Dallas Fed chief says mask-wearing key to future growth

The president of the Federal Reserve’s regional bank in Texas, a state hard-hit by the new US coronavirus outbreak, has called for more “discipline” in wearing masks, saying official health guidelines were more important to the country’s economic fate than fiscal or monetary policy.

Robert Kaplan, head of the Dallas Fed, said on Monday he was concerned the US economic rebound was slowing due to the outbreak across the sunbelt, including Texas — and that public attitudes on healthcare protocols were at the “forefront of economic policy in the US”.

“While fiscal and monetary policy have a key role to play, there’s no question, based on conversations I’ve had extensively with epidemiologists and infectious disease experts throughout the US, that if all of us wore a mask, we would likely substantially mute the transmission of this disease,” Mr Kaplan said in webcast remarks to the National Press Club.

“We would have higher GDP from here, and we would have a lower unemployment rate,” he said.

Mr Kaplan’s remarks came as Florida again posted one of the highest one-day increases in coronavirus cases since the outbreak began, with 12,624 infections over the past 24 hours. That is second only to the 15,300 reported on Sunday, the largest increase of any state since the start of the pandemic.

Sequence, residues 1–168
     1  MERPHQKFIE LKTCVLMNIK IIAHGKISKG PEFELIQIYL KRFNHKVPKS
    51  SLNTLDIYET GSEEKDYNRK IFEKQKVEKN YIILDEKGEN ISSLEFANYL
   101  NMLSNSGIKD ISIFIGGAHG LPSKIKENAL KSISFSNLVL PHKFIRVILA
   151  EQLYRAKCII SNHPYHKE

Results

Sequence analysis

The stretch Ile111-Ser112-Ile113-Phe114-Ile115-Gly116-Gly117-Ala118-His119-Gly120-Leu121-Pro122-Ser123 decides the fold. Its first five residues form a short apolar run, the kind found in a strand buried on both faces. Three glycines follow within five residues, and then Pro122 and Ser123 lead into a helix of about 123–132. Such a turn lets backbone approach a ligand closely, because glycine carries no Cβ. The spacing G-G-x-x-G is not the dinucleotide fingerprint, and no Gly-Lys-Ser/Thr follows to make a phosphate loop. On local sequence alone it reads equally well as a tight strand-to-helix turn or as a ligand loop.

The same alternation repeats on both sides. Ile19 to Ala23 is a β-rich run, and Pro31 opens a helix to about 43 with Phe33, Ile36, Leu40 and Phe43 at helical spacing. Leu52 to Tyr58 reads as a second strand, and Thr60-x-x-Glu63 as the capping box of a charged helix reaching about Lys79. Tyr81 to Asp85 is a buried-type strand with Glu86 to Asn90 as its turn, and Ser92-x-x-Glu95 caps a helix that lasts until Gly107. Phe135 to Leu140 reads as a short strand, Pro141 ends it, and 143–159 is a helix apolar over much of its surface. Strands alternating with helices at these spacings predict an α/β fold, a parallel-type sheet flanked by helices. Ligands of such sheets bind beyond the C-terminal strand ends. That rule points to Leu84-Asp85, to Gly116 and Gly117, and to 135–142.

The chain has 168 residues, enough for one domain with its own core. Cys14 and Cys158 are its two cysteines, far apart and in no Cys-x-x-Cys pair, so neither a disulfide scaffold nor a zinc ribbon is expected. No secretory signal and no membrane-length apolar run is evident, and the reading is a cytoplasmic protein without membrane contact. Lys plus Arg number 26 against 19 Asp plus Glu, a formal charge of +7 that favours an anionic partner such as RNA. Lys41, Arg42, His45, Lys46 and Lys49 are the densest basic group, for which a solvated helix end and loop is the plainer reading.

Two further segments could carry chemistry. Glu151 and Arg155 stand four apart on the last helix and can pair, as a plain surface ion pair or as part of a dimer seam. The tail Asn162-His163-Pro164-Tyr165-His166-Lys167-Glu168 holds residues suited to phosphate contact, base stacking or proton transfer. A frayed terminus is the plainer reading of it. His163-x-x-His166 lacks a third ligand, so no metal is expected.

Florida also reported that 8,088 people had been hospitalised with Covid-19, up from 6,974 on Friday when the state first began reporting the figures. Miami-Dade county represented 1,807 of those hospitalisations, with another 1,209 in neighbouring Broward county.

The outbreak in Florida, Texas and other sunbelt states has forced authorities to reverse economic reopening plans. Mr Kaplan, a former Goldman Sachs banker, said that if Americans successfully tamed the coronavirus virus — including through better testing and contact tracing — many consumers would be more comfortable going out to restaurants, and engaging in other leisure activities, including travel.

Instead, the resurgence of the virus, including higher hospitalisation rates, was having a “chilling effect” on the economy. Mr Kaplan said that even though individual freedoms were important in the US, he compared following the guidance of US health officials to wearing seat belts and not texting while driving — essential safety precautions that saved lives.

The latest daily increase in Florida takes the state’s seven-day average of new cases to 10,855 a day, the first time any state has averaged more than 10,000.

The rate of tests coming back positive in Florida dropped to 11.3 per cent from 15.5 per cent on Sunday. Florida’s positivity rate over the past seven days stood at 18.7 per cent and remained level compared with the previous week, according to a Financial Times analysis of data form the Covid Tracking Project

There were 35 additional deaths in the state attributed to the virus, the lowest daily toll since July 5.

The number of people currently hospitalised in Florida now exceeds that of California, which on Sunday saw its tally ease for the first time in 22 days to 7,854 from a record 7,904 on July 11.

Texas had the highest number of people currently hospitalised in any US state, with 10,410 people as of Sunday.